Cue the sweep of silence draping the room, people's minds instantly sobering. It's scary and not at all fun to even think about, let alone talk about. But let's talk about it now.
There's been so much discussion surrounding the Netflix original, "13 Reasons Why," about whether the show is helpful in sparking conversation or harmful in its perceived glorification of suicide. Personally, I've seen both seasons, crying with each of the characters as I watched their struggles play out on screen. I found myself relating to the high-schoolers and concluded that whether "13 Reasons Why" glorifies suicide or not, it's bringing attention to the subject. Attention that is desperately needed because the suicide rate is on the rise, and it doesn't look like it's stopping in the near future.
From Robin Williams to Kate Spade to Anthony Bourdain to the countless other individuals who have lost the battles with their demons, I understand. I cannot say I know exactly what their pain felt like, but I too have had my share of demons. And I know that it was hard. Fighting is hard.
What makes these battles even harder is that mental illness is so stigmatized in the United States. It was so easy for me to go to the doctor and talk to him about my knee pain when I sprained my MCL, but the fear of judgment and social rejection made it so much harder for me to talk to a counselor about my mental health. I thought I was strong enough to fight through on my own because my internalized pain would be easier than dealing with what others would potentially think of me.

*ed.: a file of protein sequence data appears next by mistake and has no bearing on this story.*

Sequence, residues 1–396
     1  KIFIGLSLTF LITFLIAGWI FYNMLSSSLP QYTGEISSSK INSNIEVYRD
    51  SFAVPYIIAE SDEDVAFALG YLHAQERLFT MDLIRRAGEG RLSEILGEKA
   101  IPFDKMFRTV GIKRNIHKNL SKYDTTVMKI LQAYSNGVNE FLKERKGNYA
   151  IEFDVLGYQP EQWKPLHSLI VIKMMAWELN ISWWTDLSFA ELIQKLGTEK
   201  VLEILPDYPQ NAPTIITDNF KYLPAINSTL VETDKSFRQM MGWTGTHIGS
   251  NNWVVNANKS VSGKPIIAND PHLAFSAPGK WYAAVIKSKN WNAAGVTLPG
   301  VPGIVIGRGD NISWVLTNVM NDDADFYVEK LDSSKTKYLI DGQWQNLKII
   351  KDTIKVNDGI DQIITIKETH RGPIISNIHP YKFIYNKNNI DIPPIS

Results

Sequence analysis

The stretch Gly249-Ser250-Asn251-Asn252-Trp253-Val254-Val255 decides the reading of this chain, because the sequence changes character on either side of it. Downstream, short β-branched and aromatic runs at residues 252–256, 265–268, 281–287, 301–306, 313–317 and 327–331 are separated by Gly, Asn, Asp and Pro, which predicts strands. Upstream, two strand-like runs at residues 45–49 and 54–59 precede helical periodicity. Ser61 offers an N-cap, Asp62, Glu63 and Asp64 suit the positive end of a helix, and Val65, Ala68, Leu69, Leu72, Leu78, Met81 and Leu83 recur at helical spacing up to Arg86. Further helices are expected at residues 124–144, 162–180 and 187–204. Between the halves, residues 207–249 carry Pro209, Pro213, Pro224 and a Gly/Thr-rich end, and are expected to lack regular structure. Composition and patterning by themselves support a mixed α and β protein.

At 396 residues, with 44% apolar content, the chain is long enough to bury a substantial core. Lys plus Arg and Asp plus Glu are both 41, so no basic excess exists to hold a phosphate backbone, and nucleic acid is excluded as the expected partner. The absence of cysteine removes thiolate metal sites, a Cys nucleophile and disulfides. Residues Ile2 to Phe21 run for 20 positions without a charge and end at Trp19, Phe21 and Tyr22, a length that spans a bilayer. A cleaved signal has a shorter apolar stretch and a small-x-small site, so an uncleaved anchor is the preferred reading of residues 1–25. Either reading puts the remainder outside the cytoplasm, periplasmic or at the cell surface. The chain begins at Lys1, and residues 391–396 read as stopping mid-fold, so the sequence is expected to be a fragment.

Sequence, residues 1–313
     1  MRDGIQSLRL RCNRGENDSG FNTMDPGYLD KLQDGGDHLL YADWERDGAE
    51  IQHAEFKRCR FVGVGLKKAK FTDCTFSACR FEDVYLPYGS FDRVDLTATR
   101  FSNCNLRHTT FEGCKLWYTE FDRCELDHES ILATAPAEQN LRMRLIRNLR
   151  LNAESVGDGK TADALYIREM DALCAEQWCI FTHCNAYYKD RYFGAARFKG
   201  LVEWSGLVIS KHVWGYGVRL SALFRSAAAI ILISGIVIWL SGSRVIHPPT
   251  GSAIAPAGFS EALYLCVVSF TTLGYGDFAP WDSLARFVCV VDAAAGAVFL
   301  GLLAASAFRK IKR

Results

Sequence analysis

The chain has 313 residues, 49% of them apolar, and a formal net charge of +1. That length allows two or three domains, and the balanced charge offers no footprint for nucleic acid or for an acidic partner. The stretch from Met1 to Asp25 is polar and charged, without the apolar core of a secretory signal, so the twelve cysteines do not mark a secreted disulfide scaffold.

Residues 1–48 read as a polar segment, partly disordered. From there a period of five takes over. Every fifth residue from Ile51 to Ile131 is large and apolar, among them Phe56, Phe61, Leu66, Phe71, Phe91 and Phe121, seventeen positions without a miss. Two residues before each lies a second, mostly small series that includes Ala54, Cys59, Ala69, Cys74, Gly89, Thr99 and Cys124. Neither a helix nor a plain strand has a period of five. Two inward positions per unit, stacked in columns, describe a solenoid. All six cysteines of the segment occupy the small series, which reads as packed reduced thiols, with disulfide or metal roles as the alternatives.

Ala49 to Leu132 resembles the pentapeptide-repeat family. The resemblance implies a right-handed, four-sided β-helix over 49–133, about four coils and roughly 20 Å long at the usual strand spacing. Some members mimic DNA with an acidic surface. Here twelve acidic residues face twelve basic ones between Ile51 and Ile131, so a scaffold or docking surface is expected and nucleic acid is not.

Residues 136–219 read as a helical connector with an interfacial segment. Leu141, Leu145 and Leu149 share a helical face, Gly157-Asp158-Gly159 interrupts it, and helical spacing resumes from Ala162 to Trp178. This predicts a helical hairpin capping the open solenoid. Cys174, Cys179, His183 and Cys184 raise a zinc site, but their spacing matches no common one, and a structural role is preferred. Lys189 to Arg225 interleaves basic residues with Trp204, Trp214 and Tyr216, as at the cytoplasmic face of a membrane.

But now, looking back, I would never fight through the pain of my knee individually, so I should never have thought for a single moment that it would be logical to do so with the pain within my mind. The internalization of mental health struggles is not healthy at all, and though it hasn't for me, for others it can turn deadly.
I'm not a mental health professional, and I'm not qualified to treat someone with suicidal thoughts. However, I am aware of the warning signs, and I can direct people to resources that will help them more than I can. The best that I can do is broadcast this knowledge so that others will be able to help as well.
I do hope that we can get better at both viewing mental illness as we do physical illness and being able to spread suicide awareness so that everyone is capable of helping another in a time of crisis. Perhaps when we improve, we will notice the rate begin to turn the other direction and begin to decrease.
If you or someone you know is thinking about suicide, contact the National Suicide Prevention Lifeline at 1-800-273-8255, text HOME to 741741 or visit the National Suicide Prevention Lifeline online here.
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